Positive politeness; showing interest in a person’s well being; sharing experiences and concerns;
expressing admiration, affection and gratitude; offering gifts, hospitality, promising future favors.
Not to be confused with “impoliteness”. Being aware you may be causing offence/discomfort to
other person and apologizing:
I hope you don’t mind me asking but…
I know it’s late but do you have a few moments…
Using “hedging” expressions such as You’re…aren’t you? Don’t
I think or tag or negative questions
you think?... in case there is disagreement.
Speaker A: You like in a city in Argentina. A new neighbor has moved into the area from another
country, and you want to be friendly. Invite you new neighbor to a traditional south America
barbecue, with lots of great local beef!
Speaker B: You have just arrived in Argentina from another country. You are settling in, but the
reasons, you don’t eat meat.
diet is difficult. For health
Speaker A: You and your family live in a large block of flats. You have two children in their late
teens. Last week, you and your husband/wife went away on holiday for few days, leaving your kids
at home. just moved into a large block of flats. You have a new job, and you’re working
Speaker B: You have
hard. Unfortunately, you neighbor is having lots of parties at night. The music is so laud that you
cannot sleep. Go to your neighbor and complain about the noise.
An American and a Chinese professor of English are attending a conference. At the opening
reception, the American professor notices the Chinese professor is standing alone and looks lonely.
The American decides to say “hello”.
May I introduce myself? I’m Professor Joe William from UCLA.
American professor: Good evening.
Good evening. My name’s Xao Zheng.
Chinese professor: I’m delighted to meet you, Professor Zheng. Have you travelled far to the
conference? Yes, I’ve travelled
Chinese professor: from Shanghai.
Hi there, how’re you doing? I’m Joe Williams from UCLA.
Hello. My name’s Xao Zheng.
American professor: Pleased to meet you, Xao. Where are you from? Beijing?
No, I’m from Shanghai.
Depends on complex mix of:
Identity, role and relationship
Unlikely (?) costumer service conversation
Yes, what do you want? I want a new SIM card. Give me the old one. Here. Check it. Damaged,
– computer’s busy at the moment. No, I’m
maybe, who knows. Give me a new one then. Just wait
in a hurry. Well come back later then. No way.
Directness and indirectness
How could you say that in different ways?
The key role of modality in intercultural communication.
It’s necessary to take action.
1. It’s not necessary to take action.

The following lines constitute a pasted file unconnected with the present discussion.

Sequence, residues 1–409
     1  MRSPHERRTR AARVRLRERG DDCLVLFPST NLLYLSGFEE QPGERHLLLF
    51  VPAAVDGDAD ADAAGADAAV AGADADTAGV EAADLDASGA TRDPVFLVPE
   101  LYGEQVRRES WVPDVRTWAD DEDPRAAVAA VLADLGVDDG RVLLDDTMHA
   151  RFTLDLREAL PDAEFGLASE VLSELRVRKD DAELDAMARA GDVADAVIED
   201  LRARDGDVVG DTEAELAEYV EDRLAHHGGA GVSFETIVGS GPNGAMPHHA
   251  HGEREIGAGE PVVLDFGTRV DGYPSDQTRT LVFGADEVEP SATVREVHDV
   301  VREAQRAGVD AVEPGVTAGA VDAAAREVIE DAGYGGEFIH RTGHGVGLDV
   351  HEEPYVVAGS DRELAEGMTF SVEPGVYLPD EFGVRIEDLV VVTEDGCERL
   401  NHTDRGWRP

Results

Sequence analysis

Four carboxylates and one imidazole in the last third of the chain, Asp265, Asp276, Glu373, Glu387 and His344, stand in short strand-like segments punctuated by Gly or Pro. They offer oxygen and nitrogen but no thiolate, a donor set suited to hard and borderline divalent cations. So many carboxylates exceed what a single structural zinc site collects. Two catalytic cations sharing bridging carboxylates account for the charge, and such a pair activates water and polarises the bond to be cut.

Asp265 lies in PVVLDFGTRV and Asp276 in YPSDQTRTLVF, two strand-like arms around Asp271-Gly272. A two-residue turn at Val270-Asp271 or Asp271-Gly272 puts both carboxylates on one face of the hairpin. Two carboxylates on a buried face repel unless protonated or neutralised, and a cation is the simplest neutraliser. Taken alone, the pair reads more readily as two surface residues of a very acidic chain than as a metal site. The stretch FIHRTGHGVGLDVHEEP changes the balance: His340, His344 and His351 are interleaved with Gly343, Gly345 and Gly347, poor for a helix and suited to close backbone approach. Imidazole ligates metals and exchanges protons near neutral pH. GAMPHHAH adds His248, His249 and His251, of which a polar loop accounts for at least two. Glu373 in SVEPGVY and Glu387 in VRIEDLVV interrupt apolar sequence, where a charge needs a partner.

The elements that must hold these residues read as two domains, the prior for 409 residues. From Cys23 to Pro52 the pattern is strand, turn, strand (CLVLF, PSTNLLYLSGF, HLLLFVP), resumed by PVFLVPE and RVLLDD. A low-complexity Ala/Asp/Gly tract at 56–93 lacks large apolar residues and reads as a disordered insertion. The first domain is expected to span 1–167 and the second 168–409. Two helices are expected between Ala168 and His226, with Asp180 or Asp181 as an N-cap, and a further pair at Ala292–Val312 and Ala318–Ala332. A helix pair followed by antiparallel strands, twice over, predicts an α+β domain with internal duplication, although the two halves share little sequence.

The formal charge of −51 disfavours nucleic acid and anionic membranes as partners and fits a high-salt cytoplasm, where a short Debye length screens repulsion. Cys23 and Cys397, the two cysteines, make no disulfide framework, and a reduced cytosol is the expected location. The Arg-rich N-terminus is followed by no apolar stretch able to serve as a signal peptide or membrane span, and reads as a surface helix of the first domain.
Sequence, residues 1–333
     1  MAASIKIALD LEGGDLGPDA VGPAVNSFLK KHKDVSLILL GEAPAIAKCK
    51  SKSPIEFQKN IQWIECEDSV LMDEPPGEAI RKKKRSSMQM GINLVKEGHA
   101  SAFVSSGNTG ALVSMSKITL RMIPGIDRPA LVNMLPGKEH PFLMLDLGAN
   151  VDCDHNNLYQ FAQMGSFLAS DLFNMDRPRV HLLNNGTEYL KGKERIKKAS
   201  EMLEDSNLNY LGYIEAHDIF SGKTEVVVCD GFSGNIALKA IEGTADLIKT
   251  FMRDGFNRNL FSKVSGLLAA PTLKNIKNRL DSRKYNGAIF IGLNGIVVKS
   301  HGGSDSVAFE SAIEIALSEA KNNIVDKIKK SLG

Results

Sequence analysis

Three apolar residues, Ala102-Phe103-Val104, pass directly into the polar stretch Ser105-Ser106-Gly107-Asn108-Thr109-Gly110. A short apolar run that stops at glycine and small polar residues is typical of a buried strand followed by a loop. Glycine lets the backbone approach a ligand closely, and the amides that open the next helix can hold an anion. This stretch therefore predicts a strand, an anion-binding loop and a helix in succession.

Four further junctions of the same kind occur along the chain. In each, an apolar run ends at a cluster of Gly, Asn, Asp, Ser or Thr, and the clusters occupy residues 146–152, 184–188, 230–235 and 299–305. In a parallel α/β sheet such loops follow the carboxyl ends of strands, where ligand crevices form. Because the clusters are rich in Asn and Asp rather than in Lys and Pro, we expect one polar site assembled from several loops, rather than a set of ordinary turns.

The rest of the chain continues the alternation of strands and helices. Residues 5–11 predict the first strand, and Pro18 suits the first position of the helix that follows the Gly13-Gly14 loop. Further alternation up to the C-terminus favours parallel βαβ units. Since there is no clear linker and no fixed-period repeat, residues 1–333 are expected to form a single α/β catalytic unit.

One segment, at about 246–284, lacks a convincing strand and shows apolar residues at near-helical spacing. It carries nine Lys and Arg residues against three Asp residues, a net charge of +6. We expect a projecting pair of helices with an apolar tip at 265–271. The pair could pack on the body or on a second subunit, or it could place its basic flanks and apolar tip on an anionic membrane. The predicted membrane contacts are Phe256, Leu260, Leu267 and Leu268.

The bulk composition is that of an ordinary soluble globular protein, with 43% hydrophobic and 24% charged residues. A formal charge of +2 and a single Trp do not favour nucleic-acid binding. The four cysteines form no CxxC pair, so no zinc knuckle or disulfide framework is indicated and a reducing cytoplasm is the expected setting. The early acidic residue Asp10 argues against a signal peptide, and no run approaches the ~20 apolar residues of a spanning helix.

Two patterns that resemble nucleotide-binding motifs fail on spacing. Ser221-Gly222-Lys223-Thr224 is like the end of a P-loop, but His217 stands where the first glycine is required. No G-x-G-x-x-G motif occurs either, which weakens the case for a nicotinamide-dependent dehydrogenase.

3. It would be a good idea to take action.
It isn’t possible for us to take action.
4. It’s possible we will take action.
6. It would have been a good idea to take action.
It wasn’t a good idea to take action, but we did.
7. It was possible for us to take action, but we didn’t.
8. It wasn’t necessary to take action, so we didn’t.
9. It wasn’t necessary to take action, but we did.
The tact maxim
“Minimize and […] maximize the benefit to hearer. It means, for example, that in
cost to hearer,
proposing some action, the speaker should bias the illocution towards a positive outcome by
restricting the hearer’s opportunity of saying no”.
Keeping options open:
Being polite, co-operative.
(where conflict possible)
Being authoritative and directive.
you like to…?
-Would you like me to…?
would be happy to…
-I it be better to…
-I should be going
-You should try…
-You ought to take an umbrella.
Send the article. Send the article, please.Can you send the article, please?Could you send the
article, do you think? Do you think you could send the article? I wonder if you could send the
you mind sending the article, because I’m afraid..
article. Would I was wondering if you could
send the article, if that’s not inconvenient? I was wondering if you could possibly send the article
if it’s not too much trouble?
“Professor, I was wondering if you could tell us about the Chamber of Secrets.” (Hermione in
Harry Potter and the Chamber of Secrets, 2002)
Notes British orientation for indirect communication:
In a restaurant in Bristol, for example, it’s totally unacceptable to literally translate the type of
conversation that you might have in a restaurant in Bologna. If you say I want to change my table,
staring right into the waiter’s eyes, you will convince everyone present that you are a public danger
to society. I’m afraid this table isn’t too convenient.
The best approach is to say
MODULE 2 LESSON 3
A lot of intercultural communication is
Pleasant and trouble-free (luckily).
sometimes… an example.
Hillary Clinton on a trip to Africa 2009: Congolese student asks Hilary Clinton about Chinese and
World Bank involvement in Republic of Congo.
“What does Mr. Clinton think about it?” (he asked through an interpreter)
“You want me to tell you about what my husband thinks? My husband isn’t Secretary of
State, I’m. You asked my opinion, I will tell you my opinion. I’m not going to be channeling my
“I meant, Barak Obama!”
Mauranen (2006): misunderstanding is a potential breakdown point in conversation or at least some
kind of communicative turbulence.
Why do we misunderstand each other?
Lack of language knowledge, often lexically based.
Pragmatic “mismatch”. There’s a studio behind here…
Locutionary act (meaning of words used) and illocutionary act (what is intended by speaker).
“Oh, is it nice?” – “Ok, I’ll keep the noise down.”
Example 1 of pragmatic mismatch: inappropriate transfer.
A: Is it a good restaurant?
B: Of course.
For B: O courseYes, indeed it is.
For A: What a stupid question…
Impact of first language on use of second language.
Example 2: mismatch in how something is said.
Gumperz pointed out that the rising intonation versus falling intonation made it a very difficult
statement, even though the word was the same. So rising intonation sounded like “Would you like
gravy?” “This in gravy. Take it or leave it.”
and falling intonation sounded like
Example 3: mismatch in “schemas”
What are “schemas”? accumulated knowledge and experience of familiar situations. Often
culturally-specific. Used to make sense of situation and guide behavior.
Factual and/or conceptual schemas
You’re paying for your goods at the checkout in a UK supermarket. You hand over your debit card-